The Morris Family Story
When Kizzy Morris and her daughter, Krishanta, came to Philadelphia from Trinidad and Tobago in November 2017 for an appointment, they were expecting to stay here for only one week—so they packed accordingly. They had come to see if doctors at Shriners Hospital for Children would be able to help Krishanta, who was born with Blount Disease—a growth disorder that caused her leg bones to angle inward. After examining her, doctors confirmed that they could treat her, but that she needed to stay and begin procedures immediately.
“She had her first surgery on one leg in January,” recalls Kizzy. “After three months, I was ready to go back home, but the doctor said that they needed to operate on her other leg as well. We just came to spend one week. We did not come with extra money or extra clothes. Fortunately, the doctors put us in touch with the Philadelphia Ronald McDonald House.”
Doctors knew that at the Philadelphia Ronald McDonald House, Kizzy and Krishanta would not have to worry about where to sleep at night or what they would have to eat. “It has been a journey. A very long journey,” says Kizzy. “I thank the Ronald McDonald House. I did not know what to expect at first, but the staff made us feel at home. They make sure you are all right. They are always trying to help us with everything that we might need. They know you already have a primary concern—your child. So they try to help with everything else. I appreciate it so much.”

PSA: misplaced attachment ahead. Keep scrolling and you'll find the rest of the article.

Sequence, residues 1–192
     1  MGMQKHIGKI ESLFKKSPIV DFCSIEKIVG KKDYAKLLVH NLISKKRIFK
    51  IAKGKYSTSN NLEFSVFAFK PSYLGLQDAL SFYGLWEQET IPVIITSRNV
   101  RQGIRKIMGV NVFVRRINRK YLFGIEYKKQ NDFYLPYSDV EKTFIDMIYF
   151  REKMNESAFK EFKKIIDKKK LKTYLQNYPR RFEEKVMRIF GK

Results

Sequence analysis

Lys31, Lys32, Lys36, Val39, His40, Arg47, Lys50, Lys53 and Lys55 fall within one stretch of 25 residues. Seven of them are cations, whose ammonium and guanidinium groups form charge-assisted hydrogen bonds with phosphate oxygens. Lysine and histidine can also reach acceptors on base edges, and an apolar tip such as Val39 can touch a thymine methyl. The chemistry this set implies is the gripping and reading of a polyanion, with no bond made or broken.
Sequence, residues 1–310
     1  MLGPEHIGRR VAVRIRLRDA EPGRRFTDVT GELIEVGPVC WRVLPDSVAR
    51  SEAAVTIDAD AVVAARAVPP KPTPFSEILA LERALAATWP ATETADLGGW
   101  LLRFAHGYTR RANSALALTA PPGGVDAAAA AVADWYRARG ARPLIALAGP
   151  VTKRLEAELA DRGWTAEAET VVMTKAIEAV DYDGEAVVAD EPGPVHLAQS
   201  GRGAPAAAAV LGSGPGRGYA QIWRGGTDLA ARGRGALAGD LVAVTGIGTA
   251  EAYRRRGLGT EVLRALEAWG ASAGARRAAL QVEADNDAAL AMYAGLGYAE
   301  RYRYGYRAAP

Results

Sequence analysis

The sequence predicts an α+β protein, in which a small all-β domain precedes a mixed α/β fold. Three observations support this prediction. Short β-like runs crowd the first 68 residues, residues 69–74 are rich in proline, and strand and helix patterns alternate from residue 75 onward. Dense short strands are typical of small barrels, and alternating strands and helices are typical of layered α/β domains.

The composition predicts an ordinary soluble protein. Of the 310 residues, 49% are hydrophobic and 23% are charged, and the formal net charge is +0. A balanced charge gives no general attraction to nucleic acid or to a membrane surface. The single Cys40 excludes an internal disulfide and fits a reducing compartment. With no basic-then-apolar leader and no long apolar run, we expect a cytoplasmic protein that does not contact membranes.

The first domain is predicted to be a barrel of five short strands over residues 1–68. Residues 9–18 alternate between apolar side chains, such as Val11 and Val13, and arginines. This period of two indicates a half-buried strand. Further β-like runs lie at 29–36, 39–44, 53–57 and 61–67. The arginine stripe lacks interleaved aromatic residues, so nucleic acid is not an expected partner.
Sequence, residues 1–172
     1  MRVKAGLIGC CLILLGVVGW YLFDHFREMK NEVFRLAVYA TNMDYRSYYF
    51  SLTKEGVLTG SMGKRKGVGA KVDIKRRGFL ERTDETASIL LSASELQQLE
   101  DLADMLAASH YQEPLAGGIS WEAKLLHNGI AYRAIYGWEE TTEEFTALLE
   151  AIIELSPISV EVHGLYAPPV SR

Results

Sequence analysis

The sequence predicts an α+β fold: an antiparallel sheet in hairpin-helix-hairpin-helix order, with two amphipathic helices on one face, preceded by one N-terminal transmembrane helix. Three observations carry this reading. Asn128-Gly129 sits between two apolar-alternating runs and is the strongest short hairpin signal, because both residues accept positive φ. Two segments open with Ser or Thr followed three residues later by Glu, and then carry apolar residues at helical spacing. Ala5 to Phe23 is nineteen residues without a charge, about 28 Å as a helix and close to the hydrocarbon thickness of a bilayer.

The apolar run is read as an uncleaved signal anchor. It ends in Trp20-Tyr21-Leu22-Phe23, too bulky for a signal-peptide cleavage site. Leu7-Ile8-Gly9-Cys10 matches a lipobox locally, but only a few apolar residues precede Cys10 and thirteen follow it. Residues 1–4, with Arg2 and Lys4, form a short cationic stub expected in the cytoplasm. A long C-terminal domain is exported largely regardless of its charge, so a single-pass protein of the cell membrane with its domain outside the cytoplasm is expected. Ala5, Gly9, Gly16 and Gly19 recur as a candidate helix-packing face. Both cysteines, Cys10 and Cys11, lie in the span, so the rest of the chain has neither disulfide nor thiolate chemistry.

Krishanta’s spirit has improved since her treatment began. Since the age of three, she has had difficulties walking. “It was very hard to see her going to school all these years, and she had to crawl around her classroom,” says Kizzy. “It was really difficult to know that at night she used to have a lot of pain; her back and feet hurt. It all gave her low self-esteem, and she never wanted to go anywhere. Now, she wants to go everywhere, and everywhere we go, she puts on a dress. It is hard to describe how great it feels for a parent to know that your child is able to go places with you.”
Krishanta has made a couple of good friends at the House—Noah and Hannah—and while they only stay when they have appointments in Philadelphia, she always looks forward to seeing them. She and her mother have also formed a close friendship with another guest family who is staying at the House long-term. “We cook together, we run together,” says Kizzy. “They are teaching us Spanish, and we are teaching them English. We all like to go see the train nearby. We sit there and wave and the conductor looks confused. He must know that we are not from here. We always try to have a little bit of fun after dinner.” Krishanta chimes in, “We also blow bubbles!”
Krishanta has operations and treatment scheduled in the coming months and will continue to have to be away from her father and siblings in Trinidad and Tobago, but her mother has a positive outlook. “It has been rough for us, but we feel like things are smoothing out,” says Kizzy. “We’ll be at the House until November, and her foot should be straight by then, so I am very thankful.”